The number of people completing postgraduate qualifications has increased significantly in recent years. At the same time, the number of unemployed individuals with doctoral degrees has increased. Because of this, the question about employment of people with postgraduate degrees and the correspondence between education and work requires regular monitoring.
The doctoral degree career monitoring survey is sent to people who have completed a doctoral degree 3 years after graduation.
For new result in English, please visit,
- Visual distributions of the career monitoring of doctors, with a filtering option. Filtering possible by query year, university, field of education
- Result tool. Excel Online editable Pivot tables
For a more detailed look into the questions, please see the survey form 2017.
- Åbo Akademi University report (in Swedish)
Doctoral degree career monitoring process
The nationwide doctoral degree career monitoring survey jointly conducted by the universities seeks information about the quality and appropriateness of the employment of individuals with postgraduate qualifications, the early development of their work careers and satisfaction with the degree completed. Information is gathered mainly using a uniform survey form and process. This enables the nationwide collation and comparison of the data. The survey provides up-to-date information for universities’ quality assurance and steering. Each university utilises its own data in the development of doctoral education and student counselling.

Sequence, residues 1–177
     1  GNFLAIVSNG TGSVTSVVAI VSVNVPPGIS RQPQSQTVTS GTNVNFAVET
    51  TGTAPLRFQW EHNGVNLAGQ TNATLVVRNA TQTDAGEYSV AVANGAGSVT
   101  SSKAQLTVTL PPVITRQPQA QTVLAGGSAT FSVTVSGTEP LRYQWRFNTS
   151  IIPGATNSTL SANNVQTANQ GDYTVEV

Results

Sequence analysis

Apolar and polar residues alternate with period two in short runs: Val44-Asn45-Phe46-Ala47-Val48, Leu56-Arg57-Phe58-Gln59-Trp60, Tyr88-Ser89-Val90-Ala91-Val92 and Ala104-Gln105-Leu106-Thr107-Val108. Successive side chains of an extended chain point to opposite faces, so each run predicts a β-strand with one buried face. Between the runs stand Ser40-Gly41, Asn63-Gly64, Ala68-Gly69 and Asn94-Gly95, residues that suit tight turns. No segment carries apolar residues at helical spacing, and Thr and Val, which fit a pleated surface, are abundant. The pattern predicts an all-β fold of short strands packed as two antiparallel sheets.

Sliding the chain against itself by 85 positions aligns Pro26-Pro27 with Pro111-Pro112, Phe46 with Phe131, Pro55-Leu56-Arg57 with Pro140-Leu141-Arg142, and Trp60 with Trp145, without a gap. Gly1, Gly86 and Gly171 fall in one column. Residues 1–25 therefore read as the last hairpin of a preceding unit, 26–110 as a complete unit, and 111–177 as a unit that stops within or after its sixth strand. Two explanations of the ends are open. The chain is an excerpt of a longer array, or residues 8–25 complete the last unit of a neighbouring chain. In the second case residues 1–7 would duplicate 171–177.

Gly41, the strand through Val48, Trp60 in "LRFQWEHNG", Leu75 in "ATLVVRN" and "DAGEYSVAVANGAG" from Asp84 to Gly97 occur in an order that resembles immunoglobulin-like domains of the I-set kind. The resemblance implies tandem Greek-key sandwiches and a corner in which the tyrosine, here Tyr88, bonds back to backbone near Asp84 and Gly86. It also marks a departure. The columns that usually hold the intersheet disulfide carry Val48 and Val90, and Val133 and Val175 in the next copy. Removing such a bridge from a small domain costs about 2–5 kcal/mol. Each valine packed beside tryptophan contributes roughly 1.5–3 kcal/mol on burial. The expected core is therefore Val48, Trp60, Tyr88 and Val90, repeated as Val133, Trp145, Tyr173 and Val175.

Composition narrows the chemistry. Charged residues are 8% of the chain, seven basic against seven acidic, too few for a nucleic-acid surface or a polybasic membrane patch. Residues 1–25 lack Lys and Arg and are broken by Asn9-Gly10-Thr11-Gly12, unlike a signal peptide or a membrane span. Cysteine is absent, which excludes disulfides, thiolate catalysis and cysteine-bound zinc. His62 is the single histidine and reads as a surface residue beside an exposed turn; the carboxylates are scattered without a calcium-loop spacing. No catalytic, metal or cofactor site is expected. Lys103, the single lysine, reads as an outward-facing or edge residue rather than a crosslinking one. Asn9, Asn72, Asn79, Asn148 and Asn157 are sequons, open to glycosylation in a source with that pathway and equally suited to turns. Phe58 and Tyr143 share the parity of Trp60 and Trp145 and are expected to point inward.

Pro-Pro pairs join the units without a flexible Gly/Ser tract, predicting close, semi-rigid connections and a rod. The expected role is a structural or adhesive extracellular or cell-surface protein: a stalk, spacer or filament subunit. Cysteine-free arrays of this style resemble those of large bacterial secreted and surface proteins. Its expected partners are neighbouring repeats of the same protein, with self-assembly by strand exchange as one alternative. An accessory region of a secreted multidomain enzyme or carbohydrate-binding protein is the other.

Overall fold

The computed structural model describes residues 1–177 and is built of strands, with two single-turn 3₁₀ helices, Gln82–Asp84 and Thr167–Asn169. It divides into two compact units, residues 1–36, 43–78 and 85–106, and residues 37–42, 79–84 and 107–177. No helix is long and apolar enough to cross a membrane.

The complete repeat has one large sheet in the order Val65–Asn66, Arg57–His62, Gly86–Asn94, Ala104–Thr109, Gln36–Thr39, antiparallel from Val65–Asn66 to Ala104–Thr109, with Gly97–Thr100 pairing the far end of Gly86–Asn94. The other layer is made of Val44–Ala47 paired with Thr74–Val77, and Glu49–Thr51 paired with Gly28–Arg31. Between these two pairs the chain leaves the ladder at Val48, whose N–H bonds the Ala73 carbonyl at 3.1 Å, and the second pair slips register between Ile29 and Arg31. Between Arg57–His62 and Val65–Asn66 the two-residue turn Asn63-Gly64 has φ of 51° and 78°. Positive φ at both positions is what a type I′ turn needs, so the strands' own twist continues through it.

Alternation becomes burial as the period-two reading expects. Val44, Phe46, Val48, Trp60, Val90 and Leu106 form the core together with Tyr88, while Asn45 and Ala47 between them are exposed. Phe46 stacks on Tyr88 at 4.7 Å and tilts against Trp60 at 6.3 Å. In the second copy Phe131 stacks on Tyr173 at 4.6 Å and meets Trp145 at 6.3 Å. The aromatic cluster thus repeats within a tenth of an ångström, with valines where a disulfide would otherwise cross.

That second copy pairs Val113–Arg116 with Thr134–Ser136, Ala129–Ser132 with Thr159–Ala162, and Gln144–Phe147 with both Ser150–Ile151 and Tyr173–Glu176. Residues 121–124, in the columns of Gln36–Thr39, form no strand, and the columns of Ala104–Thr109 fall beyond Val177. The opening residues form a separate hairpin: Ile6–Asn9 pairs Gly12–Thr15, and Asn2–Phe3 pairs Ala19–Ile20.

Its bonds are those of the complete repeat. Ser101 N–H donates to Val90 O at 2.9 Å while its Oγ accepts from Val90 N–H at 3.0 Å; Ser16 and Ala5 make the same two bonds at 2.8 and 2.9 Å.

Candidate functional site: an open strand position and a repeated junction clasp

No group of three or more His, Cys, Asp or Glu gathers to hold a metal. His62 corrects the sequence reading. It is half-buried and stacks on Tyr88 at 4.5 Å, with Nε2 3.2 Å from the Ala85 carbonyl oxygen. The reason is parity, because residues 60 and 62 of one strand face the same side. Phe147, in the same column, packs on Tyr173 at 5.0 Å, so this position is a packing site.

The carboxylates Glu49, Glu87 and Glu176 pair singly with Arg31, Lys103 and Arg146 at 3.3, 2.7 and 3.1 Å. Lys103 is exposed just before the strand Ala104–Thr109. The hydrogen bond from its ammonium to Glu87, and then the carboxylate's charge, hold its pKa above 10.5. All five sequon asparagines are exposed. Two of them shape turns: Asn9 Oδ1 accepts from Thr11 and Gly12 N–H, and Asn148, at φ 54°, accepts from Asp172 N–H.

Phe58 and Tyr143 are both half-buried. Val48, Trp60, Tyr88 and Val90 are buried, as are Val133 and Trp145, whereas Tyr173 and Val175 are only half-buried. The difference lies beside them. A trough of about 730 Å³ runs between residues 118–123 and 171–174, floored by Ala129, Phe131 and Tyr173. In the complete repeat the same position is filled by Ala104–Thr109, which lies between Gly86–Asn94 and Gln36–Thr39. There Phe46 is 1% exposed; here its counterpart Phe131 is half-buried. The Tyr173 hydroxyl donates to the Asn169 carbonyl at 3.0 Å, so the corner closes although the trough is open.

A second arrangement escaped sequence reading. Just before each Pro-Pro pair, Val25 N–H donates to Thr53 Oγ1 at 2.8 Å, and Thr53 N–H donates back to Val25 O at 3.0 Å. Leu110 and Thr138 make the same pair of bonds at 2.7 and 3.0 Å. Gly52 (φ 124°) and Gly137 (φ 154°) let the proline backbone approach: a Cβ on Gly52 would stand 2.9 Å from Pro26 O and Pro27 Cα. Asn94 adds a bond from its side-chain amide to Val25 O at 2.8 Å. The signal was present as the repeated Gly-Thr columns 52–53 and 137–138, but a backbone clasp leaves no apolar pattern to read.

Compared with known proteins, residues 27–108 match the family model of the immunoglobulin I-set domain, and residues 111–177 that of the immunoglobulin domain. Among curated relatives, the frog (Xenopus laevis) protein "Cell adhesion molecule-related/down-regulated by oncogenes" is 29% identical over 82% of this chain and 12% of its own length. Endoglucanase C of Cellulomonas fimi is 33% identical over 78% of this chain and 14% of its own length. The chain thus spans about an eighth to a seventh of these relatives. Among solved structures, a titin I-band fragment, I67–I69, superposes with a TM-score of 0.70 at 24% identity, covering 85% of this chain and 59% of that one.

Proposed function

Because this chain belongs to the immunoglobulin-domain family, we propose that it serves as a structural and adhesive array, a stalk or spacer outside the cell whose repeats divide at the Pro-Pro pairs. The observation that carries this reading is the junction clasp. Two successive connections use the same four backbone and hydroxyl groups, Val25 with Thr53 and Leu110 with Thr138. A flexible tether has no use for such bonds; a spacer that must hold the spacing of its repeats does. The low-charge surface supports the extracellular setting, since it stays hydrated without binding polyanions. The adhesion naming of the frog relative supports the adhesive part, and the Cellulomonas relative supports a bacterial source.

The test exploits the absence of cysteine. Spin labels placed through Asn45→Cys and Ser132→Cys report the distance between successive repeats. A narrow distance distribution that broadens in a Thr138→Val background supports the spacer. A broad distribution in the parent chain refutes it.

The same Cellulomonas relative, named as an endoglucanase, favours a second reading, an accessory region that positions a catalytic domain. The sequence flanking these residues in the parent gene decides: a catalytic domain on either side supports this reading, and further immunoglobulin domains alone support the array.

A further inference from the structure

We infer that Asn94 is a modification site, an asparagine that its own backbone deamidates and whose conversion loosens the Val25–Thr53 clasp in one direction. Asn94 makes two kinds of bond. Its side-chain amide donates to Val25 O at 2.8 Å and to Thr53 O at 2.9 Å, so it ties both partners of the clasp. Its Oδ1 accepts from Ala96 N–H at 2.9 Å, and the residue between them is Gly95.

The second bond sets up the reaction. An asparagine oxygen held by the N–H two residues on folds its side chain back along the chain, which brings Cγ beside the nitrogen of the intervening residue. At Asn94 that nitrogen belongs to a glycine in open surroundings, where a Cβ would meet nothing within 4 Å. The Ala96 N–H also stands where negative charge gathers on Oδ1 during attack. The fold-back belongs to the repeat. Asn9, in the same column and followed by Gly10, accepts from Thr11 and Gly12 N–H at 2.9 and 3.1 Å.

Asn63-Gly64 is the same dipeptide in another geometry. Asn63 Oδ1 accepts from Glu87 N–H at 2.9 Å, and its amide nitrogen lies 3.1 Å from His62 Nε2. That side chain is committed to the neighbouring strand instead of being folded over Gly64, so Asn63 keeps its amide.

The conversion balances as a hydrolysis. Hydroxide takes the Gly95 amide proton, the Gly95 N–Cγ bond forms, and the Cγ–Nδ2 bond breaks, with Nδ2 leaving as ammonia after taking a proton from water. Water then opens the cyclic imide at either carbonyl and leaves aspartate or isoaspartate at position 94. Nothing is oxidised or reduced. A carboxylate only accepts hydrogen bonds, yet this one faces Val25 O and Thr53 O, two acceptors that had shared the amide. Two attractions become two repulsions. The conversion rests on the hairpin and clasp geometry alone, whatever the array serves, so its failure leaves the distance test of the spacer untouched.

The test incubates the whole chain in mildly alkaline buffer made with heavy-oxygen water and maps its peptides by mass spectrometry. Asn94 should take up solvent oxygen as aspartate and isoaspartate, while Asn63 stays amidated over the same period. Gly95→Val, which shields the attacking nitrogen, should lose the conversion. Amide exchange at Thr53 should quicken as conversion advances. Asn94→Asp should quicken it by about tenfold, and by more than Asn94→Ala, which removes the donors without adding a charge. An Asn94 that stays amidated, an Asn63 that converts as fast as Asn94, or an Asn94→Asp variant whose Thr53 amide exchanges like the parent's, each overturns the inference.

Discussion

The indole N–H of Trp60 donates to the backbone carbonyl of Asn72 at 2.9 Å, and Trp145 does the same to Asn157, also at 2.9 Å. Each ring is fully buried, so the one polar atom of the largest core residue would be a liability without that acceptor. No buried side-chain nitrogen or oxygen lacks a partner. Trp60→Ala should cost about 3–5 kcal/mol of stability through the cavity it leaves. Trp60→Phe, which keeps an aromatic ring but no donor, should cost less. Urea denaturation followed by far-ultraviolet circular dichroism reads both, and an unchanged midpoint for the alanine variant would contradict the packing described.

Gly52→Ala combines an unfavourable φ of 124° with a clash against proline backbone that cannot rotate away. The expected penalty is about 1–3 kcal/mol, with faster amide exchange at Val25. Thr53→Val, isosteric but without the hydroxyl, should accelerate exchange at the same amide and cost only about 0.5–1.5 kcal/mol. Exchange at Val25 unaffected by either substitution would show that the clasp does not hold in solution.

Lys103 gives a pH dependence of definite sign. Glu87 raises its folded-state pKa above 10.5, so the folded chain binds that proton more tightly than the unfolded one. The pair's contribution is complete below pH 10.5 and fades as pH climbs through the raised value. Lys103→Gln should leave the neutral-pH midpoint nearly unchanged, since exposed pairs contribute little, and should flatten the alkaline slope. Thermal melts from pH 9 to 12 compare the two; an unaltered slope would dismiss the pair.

The target group for career monitoring are individuals with doctoral degrees completed 2–3 years earlier.
Processing of data:
The survey implementation complies with the Personal Data Act (Henkilötietolaki 523/1999). The names of the survey recipients are processed only during posting and already at the first saving stage the answers are linked to background information (e.g. field of education) received from the student register with a code number. The answers are processed with utmost confidentiality and the results are reported statistically so that answers by individual respondents cannot be identified.